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Thursday, October 1, 2015

woman convicted of killing her husband - executed in Georgia, USA

Why would a woman ordering - cornbread, buttermilk, two Whoppers with cheese and all the trimmings, two large orders of French fries, cherry vanilla ice cream, popcorn and lemonade, make news.  The woman also wanted a salad with boiled eggs, tomatoes, bell peppers, onions, carrots and cheese to be topped with Paul Newman buttermilk dressing. It is because, it is - Gissendaner scheduled to die by lethal injection for the 1998 murder of her husband, Doug.

‘Bali Nine’  was the name given to a group of nine Australians convicted for smuggling 8.3 kg (18 lb) of heroin valued at around A$4 million from Indonesia to Australia.  9 were to be executed – but  there was a surprise last-minute reprieve for Philippines woman Mary Jane Veloso after the Indonesian attorney general responded to calls from Manila that she should be spared to act as a witness against the woman expected to be charged with trafficking her.  A huge campaign to spare the life of mother-of-two, Mary Jane Veloso, the only woman among those slated for execution, had been under way in the Philippines for days.

Georgia,  is a state located in the south eastern United States. It was established in 1732, the last of the original Thirteen Colonies.  Named after King George II of Great Britain, Georgia was the fourth state to ratify the United States Constitution, in  1788.  Georgia is known as the Peach State and the Empire State of the South. Atlanta is the state's capital and its most populous city.

At Georgia today, Steve Hayes from Georgia State Board of Pardons and Paroles announced the decision, while Reverend Cathy Zappa said she was "disappointed" ~the decision of execution of a woman despite a number of last-ditch appeals, including one by the Pope, to try to block her execution.

Kelly Gissendaner, 47, was the first woman put to death in the southern US state in 70 years. Lawyers filed at least three appeals with the US Supreme Court to try to delay the sentence hours before she died. Gissendaner planned but did not carry out her husband's murder in 1997. Her former lover, Gregory Owen, who killed Douglas Gissendaner, was given life in prison as part of a plea bargain. Pope Francis, who was recently on a US tour, urged the review board to reconsider. But on Tuesday afternoon, the board announced it was not granting clemency.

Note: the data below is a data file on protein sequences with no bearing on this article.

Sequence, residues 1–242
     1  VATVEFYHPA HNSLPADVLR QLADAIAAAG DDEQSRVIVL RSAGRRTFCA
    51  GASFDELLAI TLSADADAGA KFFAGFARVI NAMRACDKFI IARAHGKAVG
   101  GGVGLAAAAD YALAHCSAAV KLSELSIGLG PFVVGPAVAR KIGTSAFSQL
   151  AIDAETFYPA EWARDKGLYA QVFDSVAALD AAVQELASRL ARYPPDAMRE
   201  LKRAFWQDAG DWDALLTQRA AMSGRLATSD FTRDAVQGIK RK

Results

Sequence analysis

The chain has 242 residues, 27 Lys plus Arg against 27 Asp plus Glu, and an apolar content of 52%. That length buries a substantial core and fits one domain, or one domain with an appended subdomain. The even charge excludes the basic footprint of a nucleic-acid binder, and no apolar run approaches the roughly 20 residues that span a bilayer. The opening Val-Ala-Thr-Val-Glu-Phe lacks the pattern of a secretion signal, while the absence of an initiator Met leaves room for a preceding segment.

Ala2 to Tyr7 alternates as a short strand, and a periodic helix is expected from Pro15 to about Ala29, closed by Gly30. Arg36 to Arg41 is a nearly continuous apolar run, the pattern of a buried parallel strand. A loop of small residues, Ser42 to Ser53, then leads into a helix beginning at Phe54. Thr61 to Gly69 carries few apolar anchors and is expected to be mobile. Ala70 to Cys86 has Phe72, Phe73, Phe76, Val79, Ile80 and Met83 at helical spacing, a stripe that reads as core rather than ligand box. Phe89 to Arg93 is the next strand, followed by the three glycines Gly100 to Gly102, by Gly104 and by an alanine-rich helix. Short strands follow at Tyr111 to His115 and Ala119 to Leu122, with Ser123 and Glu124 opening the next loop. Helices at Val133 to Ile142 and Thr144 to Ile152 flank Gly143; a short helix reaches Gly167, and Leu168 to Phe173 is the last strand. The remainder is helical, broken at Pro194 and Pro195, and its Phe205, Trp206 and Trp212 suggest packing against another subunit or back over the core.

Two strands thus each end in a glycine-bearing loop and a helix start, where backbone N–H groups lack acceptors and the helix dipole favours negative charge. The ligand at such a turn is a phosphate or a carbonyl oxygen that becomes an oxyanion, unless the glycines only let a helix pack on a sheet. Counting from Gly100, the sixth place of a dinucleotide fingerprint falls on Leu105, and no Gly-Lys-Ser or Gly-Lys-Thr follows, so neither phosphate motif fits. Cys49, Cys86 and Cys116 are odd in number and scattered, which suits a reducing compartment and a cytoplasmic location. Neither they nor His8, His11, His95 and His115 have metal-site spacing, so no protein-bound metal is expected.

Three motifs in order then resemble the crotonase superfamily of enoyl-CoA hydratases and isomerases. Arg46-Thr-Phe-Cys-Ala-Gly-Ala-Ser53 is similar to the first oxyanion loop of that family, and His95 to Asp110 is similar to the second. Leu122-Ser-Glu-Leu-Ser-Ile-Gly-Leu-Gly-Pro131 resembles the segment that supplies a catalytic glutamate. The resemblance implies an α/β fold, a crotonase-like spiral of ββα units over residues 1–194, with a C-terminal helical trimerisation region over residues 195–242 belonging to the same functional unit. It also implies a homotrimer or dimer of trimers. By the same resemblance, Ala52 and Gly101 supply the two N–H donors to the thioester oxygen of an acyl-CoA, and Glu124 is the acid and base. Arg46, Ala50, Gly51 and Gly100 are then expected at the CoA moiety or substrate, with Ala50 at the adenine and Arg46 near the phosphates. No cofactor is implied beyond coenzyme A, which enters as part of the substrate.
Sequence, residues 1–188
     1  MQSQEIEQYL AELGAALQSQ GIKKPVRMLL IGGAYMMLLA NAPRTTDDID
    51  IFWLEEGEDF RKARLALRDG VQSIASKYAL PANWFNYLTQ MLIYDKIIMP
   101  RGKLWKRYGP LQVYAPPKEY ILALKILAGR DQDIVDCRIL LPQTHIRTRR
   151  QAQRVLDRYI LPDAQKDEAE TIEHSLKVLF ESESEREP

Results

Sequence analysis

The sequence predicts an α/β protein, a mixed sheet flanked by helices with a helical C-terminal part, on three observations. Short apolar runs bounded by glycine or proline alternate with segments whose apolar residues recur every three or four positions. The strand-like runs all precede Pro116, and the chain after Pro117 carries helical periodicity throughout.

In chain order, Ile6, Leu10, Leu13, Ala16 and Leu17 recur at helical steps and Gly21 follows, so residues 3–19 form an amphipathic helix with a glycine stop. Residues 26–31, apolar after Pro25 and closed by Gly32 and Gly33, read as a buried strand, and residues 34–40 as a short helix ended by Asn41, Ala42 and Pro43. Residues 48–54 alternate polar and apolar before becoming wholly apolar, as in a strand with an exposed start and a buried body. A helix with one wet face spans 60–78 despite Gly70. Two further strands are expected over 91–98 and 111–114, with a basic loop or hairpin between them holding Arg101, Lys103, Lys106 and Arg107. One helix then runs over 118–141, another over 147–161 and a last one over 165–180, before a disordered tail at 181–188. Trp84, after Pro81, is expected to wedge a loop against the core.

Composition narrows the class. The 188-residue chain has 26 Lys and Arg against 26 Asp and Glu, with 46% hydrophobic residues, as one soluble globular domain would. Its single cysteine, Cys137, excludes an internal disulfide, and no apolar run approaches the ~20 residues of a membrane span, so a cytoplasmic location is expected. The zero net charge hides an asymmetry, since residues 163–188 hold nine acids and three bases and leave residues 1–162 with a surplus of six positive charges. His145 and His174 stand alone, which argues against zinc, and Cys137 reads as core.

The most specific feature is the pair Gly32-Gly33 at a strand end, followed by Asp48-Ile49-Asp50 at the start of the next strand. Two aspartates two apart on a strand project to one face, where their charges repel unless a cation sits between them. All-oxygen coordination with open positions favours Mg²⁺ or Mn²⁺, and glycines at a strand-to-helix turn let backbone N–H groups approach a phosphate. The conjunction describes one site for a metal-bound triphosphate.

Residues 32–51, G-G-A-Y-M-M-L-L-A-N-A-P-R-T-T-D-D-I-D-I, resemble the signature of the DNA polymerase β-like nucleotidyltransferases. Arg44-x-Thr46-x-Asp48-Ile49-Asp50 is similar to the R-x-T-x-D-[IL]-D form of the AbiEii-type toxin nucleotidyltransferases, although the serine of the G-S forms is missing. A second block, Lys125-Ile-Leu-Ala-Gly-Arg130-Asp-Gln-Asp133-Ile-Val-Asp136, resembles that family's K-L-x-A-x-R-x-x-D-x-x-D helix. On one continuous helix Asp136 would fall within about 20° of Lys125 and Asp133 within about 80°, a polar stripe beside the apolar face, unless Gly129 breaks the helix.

Hours later, the US Supreme Court said it had rejected three applications for a stay of execution.  The Pope reportedly  wrote that, while not wishing to minimise the gravity of the crime, he implored the board "to commute the sentence to one that would better express both justice and mercy". Gissendaner's lawyers told the board she had undergone a transformation in prison, offering support to troubled inmates and showing remorse for her own crime.

A former Georgia Supreme Court Chief Justice  stated that Georgia had not executed a person who had not committed the actual killing since the death penalty was reinstated in 1976.  Georgia has executed nearly 60 people since 1976, and has more than 80 people on death row.

Douglas Gissendaner's family said in a statement that Kelly Gissendaner's sentence was appropriate. "She had no mercy, gave him no rights, no choices, nor the opportunity to live his life," the family said. Gissendaner has had two previous execution dates. Her execution was rescheduled in February because of a winter storm that was forecast to hit Georgia, and the next date in March was cancelled after officials said the drug used in the lethal injection was cloudy. 

So at the state prison in Jackson, Kelly Renee Gissendaner, 47, died by lethal injection of pentobarbital and becomes the first woman executed in the state in 70 years.  The woman who was executed earlier was Lena Baker, an African American maid who was falsely accused of capital murder by the state of Georgia in 1945 for killing her white employer, Ernest Knight, and executed by the state. Baker was the only woman to be executed by electrocution in Georgia. In 2005, sixty years after her execution, the state of Georgia granted Ms. Baker a full and unconditional pardon. The feature film The Lena Baker Story (2008) chronicles the events surrounding her early life and her execution.

With regards – S. Sampathkumar

30th Sept. 2015.

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